Nina and Ace function similarly to both Megaman and Zero respectively. Powers and all. In multiplayer mode, both the player and their partner must coordinate with each other in order to do some certain actions. In single player mode, the player chooses which bot to play as before going on a run.

Much like in every version of Megaman, platforming is the name of the game. Players need to keep their wits about them if they want to have a successful run. Disappearing blocks and moving platforms are a common sight in every stage and they provide a constant challenge for any player. To round off the levels, there are plenty of environmental traps and stage specific enemies along the way. Fortunately, the controls are very tight with air control, wall slide, and a responsive speed dash being in the forefront. Different attacks and augs are also present throughout the stage with some of the better abilities being tucked away in more harder to reach places. So, I guess it all works out.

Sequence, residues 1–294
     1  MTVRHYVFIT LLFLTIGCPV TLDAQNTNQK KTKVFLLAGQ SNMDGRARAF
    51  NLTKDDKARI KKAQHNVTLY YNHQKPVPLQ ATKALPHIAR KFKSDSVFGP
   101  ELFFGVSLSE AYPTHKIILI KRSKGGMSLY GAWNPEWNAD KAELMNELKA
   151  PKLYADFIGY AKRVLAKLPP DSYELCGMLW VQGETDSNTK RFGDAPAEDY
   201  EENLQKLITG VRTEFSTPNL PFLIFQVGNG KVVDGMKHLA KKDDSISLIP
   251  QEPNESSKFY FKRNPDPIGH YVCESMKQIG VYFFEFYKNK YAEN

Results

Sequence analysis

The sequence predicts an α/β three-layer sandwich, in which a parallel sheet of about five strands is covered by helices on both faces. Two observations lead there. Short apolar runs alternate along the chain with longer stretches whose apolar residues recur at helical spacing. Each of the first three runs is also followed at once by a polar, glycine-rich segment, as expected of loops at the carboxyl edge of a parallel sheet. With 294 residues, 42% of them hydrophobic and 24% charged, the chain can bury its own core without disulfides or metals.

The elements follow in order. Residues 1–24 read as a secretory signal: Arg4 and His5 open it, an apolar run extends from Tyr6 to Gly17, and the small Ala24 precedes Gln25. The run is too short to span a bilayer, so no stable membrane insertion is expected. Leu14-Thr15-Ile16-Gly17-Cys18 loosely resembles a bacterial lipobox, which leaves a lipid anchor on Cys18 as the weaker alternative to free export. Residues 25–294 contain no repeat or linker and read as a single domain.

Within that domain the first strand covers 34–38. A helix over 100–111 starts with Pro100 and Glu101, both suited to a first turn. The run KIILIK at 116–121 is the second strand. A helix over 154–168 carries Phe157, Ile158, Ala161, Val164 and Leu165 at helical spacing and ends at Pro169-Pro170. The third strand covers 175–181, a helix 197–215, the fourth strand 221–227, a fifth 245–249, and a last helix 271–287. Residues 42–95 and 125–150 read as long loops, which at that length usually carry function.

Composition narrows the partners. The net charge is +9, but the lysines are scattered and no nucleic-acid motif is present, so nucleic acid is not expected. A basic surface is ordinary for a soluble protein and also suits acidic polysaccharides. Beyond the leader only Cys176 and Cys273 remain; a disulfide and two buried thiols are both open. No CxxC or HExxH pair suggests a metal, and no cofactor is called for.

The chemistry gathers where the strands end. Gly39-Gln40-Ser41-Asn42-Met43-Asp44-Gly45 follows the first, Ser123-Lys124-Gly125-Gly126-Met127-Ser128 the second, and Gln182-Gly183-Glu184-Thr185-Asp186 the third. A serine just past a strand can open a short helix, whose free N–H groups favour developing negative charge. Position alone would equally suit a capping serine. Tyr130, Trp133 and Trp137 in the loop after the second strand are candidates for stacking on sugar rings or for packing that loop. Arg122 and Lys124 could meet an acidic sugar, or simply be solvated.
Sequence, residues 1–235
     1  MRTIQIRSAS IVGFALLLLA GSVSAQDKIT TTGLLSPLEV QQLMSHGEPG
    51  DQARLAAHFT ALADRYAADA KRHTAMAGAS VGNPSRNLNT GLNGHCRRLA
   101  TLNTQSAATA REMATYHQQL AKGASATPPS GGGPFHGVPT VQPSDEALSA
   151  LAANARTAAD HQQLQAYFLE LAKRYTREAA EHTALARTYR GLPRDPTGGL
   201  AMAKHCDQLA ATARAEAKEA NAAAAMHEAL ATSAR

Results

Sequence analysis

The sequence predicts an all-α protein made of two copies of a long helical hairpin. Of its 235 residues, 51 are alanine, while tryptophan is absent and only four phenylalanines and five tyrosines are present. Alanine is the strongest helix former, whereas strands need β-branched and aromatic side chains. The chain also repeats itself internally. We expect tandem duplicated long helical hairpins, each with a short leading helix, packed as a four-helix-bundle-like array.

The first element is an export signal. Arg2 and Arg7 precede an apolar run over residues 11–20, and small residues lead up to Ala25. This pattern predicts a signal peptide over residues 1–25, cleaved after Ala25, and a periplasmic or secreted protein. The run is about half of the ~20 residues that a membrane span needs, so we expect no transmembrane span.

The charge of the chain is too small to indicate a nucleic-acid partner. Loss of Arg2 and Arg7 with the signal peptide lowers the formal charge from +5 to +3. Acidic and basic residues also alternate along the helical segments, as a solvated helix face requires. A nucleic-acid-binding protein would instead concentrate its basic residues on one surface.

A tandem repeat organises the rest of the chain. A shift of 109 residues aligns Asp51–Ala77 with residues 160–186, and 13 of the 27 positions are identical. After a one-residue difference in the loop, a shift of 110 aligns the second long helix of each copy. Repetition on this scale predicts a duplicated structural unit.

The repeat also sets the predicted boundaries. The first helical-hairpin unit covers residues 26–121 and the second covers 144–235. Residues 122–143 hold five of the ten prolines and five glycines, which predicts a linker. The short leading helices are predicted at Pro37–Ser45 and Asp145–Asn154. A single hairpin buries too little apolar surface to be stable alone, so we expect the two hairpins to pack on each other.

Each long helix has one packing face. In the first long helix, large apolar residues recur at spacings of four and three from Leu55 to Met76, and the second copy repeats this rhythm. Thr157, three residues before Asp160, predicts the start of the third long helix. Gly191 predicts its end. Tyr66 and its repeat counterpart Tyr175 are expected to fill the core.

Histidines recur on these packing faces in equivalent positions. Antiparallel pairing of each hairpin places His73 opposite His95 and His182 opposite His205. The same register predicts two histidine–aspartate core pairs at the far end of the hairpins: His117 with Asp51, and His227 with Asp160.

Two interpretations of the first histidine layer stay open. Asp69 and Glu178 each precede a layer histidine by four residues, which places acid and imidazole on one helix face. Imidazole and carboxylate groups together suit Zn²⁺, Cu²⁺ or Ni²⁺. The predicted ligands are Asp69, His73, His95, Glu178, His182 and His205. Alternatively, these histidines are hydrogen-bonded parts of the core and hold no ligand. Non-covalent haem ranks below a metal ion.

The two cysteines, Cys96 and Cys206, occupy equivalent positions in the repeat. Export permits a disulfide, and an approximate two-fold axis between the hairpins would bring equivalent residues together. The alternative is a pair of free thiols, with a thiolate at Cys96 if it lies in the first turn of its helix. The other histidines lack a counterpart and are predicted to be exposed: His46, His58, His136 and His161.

Challenges appear within the level themselves. These are usually in the form of a bonus timer and extra challenge rooms. Challenge rooms are optional challenges that test the player’s reflexes and timing. The rewards are often powerful items, so the temptation to do them is great, despite the risk. The bonus timer rewards players who beat the boss in the allotted time. The rewards are usually an aug with some nuts on the side as well. Augs are passive items that increase the player’s stats.